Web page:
Danielle Smith, Public News Service
A new report has shed light on who would benefit most in Pennsylvania from raising the minimum wage to $15 an hour by 2026.
More than 1.3 million workers would see higher paychecks, said report author Claire Kovach, a senior research analyst for the Keystone Research Center.
Pennsylvania’s minimum wage has been $7.25 per hour for more than a decade, and the state has lost significant buying power in that time. Kovach said the data analyzes the potential impact of a higher minimum wage based on demographics such as age, race, education, gender and industry.
“Women disproportionately benefit from a $15-per-hour minimum wage,” she said. “This is because women are disproportionately working low-wage jobs, especially low-wage service jobs. We break the demographics out by race to show that people of color are 31% of who would benefit from this $15-per-hour minimum wage.”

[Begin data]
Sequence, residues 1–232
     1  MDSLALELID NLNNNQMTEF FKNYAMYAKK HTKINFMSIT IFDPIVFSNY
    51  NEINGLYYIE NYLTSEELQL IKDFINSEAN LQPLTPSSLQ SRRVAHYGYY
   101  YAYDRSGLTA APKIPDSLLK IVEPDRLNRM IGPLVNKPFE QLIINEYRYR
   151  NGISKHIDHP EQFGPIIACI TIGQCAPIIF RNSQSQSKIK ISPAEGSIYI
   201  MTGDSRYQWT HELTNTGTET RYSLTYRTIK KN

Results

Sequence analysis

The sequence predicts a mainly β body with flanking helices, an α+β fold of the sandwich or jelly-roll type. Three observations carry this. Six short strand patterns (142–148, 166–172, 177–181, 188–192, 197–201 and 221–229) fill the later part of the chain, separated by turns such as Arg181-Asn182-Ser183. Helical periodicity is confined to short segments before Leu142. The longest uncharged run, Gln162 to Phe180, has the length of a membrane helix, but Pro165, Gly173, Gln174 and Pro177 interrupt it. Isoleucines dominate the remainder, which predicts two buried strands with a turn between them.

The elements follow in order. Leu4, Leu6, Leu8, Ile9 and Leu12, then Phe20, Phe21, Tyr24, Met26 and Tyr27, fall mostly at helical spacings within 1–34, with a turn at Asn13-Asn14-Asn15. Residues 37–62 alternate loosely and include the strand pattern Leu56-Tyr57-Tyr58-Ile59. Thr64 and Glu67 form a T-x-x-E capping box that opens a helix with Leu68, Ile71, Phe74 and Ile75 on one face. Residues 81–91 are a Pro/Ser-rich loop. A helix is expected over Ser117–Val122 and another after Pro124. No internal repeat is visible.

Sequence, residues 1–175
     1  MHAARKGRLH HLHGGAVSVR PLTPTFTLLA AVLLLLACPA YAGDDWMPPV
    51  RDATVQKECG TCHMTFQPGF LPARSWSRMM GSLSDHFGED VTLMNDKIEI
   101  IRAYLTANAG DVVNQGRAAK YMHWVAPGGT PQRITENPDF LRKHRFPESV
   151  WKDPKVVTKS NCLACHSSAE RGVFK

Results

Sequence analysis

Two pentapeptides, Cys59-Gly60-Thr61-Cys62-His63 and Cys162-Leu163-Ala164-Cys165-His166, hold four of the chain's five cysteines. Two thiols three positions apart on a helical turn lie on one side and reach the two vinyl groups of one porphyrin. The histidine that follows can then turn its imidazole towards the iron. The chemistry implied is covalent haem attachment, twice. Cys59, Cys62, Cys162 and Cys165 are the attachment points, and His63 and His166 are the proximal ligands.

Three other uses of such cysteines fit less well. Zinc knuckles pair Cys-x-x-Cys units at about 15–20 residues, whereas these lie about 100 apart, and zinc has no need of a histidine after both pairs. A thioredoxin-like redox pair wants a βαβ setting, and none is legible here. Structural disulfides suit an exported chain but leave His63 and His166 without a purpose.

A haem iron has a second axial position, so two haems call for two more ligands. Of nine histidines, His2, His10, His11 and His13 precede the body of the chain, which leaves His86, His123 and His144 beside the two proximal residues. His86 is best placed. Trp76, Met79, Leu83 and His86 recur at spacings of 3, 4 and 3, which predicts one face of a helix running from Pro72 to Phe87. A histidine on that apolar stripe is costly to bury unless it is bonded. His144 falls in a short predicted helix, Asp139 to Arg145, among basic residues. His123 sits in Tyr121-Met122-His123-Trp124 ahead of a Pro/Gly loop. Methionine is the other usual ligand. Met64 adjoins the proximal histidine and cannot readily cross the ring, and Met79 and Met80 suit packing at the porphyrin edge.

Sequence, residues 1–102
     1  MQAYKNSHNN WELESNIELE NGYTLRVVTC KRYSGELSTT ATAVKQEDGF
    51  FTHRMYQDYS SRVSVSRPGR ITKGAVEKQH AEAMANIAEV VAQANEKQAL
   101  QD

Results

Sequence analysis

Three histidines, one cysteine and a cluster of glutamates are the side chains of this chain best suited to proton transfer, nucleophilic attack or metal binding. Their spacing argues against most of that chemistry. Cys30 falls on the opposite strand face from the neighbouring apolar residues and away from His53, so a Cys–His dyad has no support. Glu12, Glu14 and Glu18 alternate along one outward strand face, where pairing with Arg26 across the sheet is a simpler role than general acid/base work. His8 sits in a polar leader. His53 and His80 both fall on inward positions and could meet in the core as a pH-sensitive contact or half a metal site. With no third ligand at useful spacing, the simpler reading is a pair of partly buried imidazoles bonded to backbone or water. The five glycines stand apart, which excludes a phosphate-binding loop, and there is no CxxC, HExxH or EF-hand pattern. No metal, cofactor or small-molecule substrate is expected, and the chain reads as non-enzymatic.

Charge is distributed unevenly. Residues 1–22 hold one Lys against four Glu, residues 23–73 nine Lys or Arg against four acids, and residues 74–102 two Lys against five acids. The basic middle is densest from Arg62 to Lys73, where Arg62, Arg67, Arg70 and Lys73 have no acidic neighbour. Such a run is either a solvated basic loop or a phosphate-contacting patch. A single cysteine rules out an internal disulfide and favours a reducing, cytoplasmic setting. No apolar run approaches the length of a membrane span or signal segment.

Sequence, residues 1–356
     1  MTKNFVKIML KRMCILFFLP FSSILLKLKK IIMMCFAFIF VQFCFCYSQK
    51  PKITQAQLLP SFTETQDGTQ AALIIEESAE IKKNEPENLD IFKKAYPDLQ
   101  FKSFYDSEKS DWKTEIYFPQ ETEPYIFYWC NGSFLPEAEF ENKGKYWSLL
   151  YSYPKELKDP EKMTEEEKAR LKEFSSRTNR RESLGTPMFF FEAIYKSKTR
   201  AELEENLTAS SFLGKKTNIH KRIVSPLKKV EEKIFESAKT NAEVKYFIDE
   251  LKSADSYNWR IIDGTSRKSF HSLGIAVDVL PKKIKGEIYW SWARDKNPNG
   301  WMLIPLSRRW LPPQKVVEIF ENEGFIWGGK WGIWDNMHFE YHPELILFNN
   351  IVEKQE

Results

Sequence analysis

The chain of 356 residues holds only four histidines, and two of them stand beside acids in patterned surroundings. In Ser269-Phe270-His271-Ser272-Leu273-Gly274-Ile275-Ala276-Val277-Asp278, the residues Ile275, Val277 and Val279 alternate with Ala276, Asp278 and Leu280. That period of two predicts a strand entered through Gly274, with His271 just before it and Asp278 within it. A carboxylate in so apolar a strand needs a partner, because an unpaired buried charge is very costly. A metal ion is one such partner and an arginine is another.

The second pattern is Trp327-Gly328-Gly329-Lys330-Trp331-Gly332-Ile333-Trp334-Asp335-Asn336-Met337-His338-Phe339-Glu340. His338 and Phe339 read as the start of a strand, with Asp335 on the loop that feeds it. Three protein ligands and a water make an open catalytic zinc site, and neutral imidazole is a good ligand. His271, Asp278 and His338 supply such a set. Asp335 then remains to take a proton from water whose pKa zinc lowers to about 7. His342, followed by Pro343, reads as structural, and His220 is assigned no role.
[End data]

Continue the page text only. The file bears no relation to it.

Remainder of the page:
Kovach said one in four workers who would see higher paychecks are in crucial sectors such as education, health care, hospitality and social work. However, backers of the current minimum wage have said increasing it would be difficult for small business owners, who might then have to cut jobs or raise prices.
It is up to the General Assembly to set the minimum wage, and Kovach noted that last year, the House passed House Bill 1500 to raise it to $15 an hour by 2026. She said the idea has bipartisan support, but the Senate has not yet acted on a similar bill, Senate Bill 743.
“So, what lawmakers can do in this session is to really reach out and listen to their constituents, because raising the minimum wage is not unpopular legislation,” Kovach said. “Every single state that borders Pennsylvania has raised their minimum wage.”
She added that polling in the state has shown overwhelming support for a higher minimum wage, and said better pay also has the potential to shrink gender and racial pay gaps, at least to some extent.
This article originally appeared on Public News Service and is republished here under a Creative Commons license.